Crossed plug wires can come in different forms. In a mis-wired outlet, the hot and neutral wires were connected backwards at installation. Shorted wires occur when one or more wires make unintended connections to another wire in the same outlet box. Determining the cause of your crossed plug wires is the first step in repairing them.
If a plug or electrical outlet was connected backwards, there could be no sign that there is a problem until something with a polarized plug is used in that outlet. The device that is plugged in could be destroyed or cause a fire because the hot and neutral wires are reversed. You can purchase outlet testers at local construction and home improvement stores that will indicate mis-wired outlets.
If a short arises in an outlet box from the ground or neutral wire to the hot wire, the resulting problem in the circuit will cause a breaker to trip. The breaker will also refuse to reset in this case. If the ground shorts to the neutral wire, there may be no indication at all on a normal circuit.
Shorts in a GFI or Arch-fault Circuit
If the ground or neutral wires short to the hot wire on an Arch-fault or GFI circuit, the breaker will trip and not reset. Additionally, if a short occurs between the ground and the neutral on an Arch-fault or GFI circuit, the breaker, or test button on GFI outlets, will trip and not reset.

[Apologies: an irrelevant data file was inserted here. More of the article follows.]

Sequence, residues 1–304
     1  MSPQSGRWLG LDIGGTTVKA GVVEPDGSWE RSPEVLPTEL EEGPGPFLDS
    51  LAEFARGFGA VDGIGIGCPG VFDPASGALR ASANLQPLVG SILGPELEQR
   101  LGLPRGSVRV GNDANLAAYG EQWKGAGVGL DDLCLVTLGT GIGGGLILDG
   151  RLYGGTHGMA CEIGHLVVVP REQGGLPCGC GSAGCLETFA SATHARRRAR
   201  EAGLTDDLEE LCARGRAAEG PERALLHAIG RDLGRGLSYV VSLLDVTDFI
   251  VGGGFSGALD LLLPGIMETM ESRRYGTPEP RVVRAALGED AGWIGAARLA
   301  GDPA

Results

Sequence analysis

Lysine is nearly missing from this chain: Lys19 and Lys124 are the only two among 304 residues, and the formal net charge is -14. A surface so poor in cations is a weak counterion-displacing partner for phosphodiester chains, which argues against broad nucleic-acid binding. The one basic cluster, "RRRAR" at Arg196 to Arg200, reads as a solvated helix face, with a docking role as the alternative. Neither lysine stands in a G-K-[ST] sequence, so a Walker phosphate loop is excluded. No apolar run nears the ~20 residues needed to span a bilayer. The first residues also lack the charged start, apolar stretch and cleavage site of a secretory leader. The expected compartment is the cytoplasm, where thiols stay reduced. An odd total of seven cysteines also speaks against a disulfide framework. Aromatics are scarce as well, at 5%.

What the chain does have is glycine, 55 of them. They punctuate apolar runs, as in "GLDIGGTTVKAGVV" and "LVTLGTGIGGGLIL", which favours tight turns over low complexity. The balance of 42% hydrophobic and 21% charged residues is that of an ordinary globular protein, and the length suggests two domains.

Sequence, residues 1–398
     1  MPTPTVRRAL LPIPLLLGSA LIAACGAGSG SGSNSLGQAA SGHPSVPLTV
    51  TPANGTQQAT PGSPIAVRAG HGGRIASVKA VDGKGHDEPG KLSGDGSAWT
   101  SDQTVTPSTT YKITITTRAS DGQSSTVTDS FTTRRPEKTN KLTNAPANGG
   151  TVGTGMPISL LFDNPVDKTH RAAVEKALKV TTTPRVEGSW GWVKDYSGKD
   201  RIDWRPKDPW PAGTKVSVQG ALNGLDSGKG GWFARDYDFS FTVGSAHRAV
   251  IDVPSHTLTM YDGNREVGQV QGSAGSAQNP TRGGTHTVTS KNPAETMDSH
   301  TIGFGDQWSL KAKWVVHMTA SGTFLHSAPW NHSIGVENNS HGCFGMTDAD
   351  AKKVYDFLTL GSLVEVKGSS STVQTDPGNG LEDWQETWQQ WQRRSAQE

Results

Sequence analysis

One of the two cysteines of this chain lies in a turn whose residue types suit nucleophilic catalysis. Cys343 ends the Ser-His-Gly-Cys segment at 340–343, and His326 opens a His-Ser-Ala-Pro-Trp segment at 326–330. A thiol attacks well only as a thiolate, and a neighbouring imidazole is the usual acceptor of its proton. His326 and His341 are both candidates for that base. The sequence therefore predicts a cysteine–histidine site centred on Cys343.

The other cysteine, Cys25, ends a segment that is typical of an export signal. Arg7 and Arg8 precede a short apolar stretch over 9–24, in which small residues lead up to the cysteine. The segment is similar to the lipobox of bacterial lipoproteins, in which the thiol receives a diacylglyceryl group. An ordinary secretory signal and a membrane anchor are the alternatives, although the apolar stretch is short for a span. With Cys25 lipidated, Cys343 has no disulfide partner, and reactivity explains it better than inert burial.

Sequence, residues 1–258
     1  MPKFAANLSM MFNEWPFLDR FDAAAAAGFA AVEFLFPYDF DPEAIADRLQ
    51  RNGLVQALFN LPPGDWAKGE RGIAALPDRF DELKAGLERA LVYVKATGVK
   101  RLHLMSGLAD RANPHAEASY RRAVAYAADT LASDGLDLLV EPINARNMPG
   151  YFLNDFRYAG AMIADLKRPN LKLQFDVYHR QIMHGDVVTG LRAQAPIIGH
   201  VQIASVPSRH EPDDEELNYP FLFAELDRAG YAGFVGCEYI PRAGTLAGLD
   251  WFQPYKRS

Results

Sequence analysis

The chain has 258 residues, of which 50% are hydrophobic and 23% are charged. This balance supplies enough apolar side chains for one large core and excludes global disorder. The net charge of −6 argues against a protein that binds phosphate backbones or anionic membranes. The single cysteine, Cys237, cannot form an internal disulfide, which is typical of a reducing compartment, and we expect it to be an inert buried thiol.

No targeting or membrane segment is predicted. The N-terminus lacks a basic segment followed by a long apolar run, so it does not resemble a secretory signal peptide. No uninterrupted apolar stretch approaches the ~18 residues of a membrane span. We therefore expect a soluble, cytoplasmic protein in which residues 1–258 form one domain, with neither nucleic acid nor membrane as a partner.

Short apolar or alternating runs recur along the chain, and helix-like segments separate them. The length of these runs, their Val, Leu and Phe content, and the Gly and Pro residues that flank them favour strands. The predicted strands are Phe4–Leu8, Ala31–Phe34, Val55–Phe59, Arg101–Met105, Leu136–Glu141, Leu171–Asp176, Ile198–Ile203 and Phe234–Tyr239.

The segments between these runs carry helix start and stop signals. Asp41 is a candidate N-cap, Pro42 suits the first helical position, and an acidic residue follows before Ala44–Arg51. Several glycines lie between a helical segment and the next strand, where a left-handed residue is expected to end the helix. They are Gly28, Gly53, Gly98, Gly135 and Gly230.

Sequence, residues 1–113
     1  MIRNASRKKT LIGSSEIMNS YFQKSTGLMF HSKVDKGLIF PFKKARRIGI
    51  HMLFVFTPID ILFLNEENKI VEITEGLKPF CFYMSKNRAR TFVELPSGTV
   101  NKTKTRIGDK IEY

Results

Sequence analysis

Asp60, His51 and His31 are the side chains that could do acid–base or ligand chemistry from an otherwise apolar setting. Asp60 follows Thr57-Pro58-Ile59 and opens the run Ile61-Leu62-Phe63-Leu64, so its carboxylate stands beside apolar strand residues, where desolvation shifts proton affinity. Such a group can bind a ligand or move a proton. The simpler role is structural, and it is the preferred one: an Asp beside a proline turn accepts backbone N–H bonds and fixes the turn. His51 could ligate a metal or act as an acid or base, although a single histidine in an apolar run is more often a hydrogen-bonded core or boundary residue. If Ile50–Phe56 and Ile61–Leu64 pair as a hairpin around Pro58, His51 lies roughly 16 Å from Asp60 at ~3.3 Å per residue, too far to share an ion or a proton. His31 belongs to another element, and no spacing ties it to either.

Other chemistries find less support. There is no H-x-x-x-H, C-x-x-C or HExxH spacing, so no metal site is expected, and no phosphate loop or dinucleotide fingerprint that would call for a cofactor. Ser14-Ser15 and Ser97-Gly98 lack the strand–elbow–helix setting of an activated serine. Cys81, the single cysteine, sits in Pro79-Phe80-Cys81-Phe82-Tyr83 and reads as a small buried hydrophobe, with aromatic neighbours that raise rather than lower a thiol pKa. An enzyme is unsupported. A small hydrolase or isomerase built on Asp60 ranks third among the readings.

Testing an Outlet
You can use a voltmeter to test for mis-wiring or reverse polarity on non-Arch-fault and non-GFI protected outlets. With your voltmeter set to AC volts on its highest scale, insert the black lead from the voltage tester into the rounded ground hole in the outlet. Insert the red lead from the tester into the smaller slotted hole, which is the hot connection. You should read 110 volts or close to it. If you insert the red lead into the larger slotted hole in the outlet and read 110 volts you have reversed polarity and the black and white wires connected to the outlet were connected backwards.
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